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Sascha Serwe, Knut Drewing, Julia Trommershäuser; Combination of noisy directional visual and proprioceptive information. Journal of Vision 2009;9(5):28. doi: https://doi.org/10.1167/9.5.28.
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© ARVO (1962-2015); The Authors (2016-present)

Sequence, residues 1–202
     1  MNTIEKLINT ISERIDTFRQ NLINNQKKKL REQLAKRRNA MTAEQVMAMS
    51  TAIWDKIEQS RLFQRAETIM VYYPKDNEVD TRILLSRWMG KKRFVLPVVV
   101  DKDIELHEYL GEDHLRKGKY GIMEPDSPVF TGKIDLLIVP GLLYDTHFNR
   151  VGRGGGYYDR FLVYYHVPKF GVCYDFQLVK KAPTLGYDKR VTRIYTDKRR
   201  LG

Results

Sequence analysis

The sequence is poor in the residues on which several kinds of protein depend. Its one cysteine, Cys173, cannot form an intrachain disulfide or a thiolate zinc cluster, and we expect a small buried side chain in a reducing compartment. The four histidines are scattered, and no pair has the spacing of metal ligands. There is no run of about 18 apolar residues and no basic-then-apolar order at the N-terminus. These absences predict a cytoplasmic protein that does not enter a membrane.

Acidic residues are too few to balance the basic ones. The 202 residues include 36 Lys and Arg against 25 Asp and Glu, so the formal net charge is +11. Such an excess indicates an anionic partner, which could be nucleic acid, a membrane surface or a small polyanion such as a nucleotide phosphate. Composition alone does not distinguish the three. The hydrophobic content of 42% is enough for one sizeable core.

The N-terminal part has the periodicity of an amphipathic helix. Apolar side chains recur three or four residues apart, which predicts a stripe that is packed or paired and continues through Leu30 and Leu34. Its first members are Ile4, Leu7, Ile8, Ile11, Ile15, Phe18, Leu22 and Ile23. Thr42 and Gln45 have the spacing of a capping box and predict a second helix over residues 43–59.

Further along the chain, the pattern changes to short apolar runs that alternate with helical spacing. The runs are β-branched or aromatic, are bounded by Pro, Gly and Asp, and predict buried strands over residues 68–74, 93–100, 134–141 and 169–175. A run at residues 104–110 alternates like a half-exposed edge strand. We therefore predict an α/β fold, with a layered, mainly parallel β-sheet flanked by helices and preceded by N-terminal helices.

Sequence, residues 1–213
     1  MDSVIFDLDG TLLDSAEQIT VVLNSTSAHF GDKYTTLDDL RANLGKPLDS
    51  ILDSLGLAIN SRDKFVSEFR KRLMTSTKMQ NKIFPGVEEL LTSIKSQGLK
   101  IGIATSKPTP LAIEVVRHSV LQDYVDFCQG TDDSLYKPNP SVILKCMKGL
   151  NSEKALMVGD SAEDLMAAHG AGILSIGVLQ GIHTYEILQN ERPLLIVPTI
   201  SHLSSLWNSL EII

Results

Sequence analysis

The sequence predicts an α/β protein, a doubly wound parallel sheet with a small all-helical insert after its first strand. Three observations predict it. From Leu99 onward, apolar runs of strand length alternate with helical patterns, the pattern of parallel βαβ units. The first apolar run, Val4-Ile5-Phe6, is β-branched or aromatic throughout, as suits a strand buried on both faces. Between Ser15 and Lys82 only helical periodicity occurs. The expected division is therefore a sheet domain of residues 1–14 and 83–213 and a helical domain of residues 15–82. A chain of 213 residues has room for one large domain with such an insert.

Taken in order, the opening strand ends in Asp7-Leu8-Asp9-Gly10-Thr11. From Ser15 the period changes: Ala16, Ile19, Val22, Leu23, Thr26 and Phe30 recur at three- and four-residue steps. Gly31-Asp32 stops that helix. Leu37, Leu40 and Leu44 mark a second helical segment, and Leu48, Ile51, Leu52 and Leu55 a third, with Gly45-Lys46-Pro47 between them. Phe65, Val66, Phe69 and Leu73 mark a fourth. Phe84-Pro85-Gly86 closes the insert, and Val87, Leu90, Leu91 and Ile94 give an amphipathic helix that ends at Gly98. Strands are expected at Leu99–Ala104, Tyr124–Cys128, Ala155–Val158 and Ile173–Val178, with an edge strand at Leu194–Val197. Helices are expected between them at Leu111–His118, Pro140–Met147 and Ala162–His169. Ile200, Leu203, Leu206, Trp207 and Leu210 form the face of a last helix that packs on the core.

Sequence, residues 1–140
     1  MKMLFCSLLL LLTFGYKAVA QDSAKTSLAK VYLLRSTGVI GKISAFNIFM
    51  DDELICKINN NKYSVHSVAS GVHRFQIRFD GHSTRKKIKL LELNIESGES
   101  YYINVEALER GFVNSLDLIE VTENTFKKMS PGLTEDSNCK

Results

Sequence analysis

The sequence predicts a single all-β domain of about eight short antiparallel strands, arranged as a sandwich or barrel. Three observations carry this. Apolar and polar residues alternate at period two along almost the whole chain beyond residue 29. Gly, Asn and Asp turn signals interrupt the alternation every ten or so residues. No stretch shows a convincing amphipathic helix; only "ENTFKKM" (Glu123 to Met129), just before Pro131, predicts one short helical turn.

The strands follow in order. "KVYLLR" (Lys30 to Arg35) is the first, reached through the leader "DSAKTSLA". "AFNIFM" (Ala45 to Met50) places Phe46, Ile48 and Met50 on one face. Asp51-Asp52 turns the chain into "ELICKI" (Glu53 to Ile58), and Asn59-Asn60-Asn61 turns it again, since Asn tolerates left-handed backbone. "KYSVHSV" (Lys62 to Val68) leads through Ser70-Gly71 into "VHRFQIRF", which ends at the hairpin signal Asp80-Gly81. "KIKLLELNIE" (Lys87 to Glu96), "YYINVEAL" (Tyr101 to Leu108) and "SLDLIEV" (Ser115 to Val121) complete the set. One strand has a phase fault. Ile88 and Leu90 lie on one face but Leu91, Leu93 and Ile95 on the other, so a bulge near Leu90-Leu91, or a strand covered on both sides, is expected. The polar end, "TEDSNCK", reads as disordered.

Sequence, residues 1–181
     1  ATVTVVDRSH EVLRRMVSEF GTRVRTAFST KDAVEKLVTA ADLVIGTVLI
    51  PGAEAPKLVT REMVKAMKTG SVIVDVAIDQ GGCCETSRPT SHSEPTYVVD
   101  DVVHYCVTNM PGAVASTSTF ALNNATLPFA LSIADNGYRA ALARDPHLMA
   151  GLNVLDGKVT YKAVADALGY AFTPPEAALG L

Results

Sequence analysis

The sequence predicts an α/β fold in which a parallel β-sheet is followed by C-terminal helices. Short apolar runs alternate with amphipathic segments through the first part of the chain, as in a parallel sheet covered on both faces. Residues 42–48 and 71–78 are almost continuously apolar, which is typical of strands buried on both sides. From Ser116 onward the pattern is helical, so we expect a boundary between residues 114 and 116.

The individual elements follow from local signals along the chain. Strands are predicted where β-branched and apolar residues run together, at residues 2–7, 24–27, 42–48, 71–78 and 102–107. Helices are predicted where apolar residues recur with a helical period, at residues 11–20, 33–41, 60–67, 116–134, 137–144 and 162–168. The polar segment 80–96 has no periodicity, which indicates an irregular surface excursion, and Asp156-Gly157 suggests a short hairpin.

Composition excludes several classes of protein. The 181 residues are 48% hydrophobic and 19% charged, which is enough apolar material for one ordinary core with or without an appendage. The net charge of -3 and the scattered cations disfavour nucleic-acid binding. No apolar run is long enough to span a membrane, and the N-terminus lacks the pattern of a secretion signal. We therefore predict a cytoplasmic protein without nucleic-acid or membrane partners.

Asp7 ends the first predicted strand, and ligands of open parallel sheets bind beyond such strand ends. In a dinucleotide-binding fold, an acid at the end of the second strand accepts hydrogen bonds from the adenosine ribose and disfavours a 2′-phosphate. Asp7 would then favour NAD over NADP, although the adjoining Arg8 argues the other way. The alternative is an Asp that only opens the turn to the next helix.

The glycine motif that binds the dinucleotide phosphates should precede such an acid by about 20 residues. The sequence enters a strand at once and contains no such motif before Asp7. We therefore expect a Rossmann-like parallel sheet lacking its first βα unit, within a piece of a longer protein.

We present experimental and computational evidence for the estimation of visual and proprioceptive directional information during forward, visually driven arm movements. We presented noisy directional proprioceptive and visual stimuli simultaneously and in isolation midway during a pointing movement. Directional proprioceptive stimuli were created by brief force pulses, which varied in direction and were applied to the fingertip shortly after movement onset. Subjects indicated the perceived direction of the stimulus after each trial. We measured unimodal performance in trials in which we presented only the visual or only the proprioceptive stimulus. When we presented simultaneous but conflicting bimodal information, subjects' perceived direction fell in between the visual and proprioceptive directions. We find that the judged mean orientation matched the MLE predictions but did not show the expected improvement in reliability as compared to unimodal performance. We present an alternative model (probabilistic cue switching, PCS), which is consistent with our data. According to this model, subjects base their bimodal judgments on only one of two directional cues in a given trial, with relative choice probabilities proportional to the average stimulus reliability. These results suggest that subjects based their decision on a probability mixture of both modalities without integrating information across modalities.
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